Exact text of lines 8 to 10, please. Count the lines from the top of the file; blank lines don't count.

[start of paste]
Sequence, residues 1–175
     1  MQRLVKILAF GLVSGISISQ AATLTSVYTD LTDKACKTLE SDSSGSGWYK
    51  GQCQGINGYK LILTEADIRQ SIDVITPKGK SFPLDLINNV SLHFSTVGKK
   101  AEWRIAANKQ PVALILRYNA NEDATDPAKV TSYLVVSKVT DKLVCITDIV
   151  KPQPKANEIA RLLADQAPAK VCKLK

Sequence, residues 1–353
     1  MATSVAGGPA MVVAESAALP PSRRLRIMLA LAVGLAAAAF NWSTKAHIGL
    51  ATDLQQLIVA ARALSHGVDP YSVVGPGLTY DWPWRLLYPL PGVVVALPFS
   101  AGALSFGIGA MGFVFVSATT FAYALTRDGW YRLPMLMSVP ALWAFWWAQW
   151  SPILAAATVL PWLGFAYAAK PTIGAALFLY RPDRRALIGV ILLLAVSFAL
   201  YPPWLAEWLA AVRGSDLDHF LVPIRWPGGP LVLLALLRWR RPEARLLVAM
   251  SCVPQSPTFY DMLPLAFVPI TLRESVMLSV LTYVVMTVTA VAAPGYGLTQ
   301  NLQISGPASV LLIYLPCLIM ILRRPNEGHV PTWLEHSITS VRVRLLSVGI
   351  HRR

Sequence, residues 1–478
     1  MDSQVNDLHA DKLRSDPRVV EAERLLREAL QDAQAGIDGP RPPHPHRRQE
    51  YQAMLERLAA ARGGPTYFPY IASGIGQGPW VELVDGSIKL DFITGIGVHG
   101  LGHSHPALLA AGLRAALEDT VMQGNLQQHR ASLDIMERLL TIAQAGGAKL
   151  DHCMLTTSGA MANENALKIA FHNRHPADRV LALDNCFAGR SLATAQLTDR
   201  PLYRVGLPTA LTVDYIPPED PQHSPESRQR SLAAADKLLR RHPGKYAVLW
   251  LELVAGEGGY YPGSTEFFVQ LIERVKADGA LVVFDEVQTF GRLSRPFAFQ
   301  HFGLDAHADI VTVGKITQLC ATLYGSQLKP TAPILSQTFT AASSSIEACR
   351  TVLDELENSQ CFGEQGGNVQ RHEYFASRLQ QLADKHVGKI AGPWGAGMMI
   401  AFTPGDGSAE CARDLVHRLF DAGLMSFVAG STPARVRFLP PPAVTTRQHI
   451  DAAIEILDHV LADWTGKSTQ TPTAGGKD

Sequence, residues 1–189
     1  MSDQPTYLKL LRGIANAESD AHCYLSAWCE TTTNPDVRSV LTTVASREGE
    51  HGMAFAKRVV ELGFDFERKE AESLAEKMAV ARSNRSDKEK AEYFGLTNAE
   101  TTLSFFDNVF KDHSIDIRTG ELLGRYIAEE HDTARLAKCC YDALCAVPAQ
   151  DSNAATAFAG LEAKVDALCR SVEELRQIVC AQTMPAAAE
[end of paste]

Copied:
    51  ATDLQQLIVA ARALSHGVDP YSVVGPGLTY DWPWRLLYPL PGVVVALPFS
   101  AGALSFGIGA MGFVFVSATT FAYALTRDGW YRLPMLMSVP ALWAFWWAQW
   151  SPILAAATVL PWLGFAYAAK PTIGAALFLY RPDRRALIGV ILLLAVSFAL